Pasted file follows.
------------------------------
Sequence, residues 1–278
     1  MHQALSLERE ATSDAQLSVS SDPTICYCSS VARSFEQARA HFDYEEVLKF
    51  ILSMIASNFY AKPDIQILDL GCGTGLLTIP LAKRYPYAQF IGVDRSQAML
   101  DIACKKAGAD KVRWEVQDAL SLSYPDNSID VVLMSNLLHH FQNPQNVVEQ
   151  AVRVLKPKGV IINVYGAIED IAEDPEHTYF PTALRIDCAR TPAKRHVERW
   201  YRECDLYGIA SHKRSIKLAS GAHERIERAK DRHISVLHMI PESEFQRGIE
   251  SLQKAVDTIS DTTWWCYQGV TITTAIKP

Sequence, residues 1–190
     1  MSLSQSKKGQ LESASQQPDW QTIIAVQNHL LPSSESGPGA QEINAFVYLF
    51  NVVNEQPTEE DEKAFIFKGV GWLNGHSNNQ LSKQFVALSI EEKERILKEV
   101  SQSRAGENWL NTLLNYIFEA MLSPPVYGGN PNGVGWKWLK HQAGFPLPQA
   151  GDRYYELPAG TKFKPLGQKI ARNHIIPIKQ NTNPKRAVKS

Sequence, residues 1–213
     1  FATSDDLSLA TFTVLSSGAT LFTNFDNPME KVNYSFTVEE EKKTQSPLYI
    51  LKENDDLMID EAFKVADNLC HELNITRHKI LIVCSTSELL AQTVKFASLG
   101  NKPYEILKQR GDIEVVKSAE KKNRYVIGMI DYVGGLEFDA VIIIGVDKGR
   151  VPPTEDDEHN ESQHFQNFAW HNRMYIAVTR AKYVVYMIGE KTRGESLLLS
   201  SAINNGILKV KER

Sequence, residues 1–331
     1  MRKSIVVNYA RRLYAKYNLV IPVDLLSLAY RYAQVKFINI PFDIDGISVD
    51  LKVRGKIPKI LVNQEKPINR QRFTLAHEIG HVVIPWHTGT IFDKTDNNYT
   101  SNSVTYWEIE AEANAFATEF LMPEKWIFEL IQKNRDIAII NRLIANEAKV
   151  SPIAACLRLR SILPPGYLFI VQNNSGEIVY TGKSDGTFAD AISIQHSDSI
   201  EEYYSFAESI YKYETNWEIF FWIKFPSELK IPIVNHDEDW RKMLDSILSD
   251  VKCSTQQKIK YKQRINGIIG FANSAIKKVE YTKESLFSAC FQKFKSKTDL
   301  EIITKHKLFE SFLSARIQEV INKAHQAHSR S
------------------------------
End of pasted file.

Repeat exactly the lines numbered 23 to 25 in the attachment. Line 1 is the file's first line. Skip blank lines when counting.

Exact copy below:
   151  SPIAACLRLR SILPPGYLFI VQNNSGEIVY TGKSDGTFAD AISIQHSDSI
   201  EEYYSFAESI YKYETNWEIF FWIKFPSELK IPIVNHDEDW RKMLDSILSD
   251  VKCSTQQKIK YKQRINGIIG FANSAIKKVE YTKESLFSAC FQKFKSKTDL